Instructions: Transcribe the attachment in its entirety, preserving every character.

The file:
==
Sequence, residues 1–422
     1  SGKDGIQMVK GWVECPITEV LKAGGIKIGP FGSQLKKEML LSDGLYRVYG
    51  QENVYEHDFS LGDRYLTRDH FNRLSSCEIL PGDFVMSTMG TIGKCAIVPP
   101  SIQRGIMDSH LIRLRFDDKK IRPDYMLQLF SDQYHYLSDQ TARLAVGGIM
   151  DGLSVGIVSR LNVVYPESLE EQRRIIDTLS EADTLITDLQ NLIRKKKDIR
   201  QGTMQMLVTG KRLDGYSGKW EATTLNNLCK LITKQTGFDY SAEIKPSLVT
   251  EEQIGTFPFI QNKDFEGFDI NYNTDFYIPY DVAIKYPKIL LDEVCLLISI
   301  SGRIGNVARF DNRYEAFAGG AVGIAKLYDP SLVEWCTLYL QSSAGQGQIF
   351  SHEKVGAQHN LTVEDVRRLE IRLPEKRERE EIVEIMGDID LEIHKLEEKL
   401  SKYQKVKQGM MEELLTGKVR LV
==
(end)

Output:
Sequence, residues 1–422
     1  SGKDGIQMVK GWVECPITEV LKAGGIKIGP FGSQLKKEML LSDGLYRVYG
    51  QENVYEHDFS LGDRYLTRDH FNRLSSCEIL PGDFVMSTMG TIGKCAIVPP
   101  SIQRGIMDSH LIRLRFDDKK IRPDYMLQLF SDQYHYLSDQ TARLAVGGIM
   151  DGLSVGIVSR LNVVYPESLE EQRRIIDTLS EADTLITDLQ NLIRKKKDIR
   201  QGTMQMLVTG KRLDGYSGKW EATTLNNLCK LITKQTGFDY SAEIKPSLVT
   251  EEQIGTFPFI QNKDFEGFDI NYNTDFYIPY DVAIKYPKIL LDEVCLLISI
   301  SGRIGNVARF DNRYEAFAGG AVGIAKLYDP SLVEWCTLYL QSSAGQGQIF
   351  SHEKVGAQHN LTVEDVRRLE IRLPEKRERE EIVEIMGDID LEIHKLEEKL
   401  SKYQKVKQGM MEELLTGKVR LV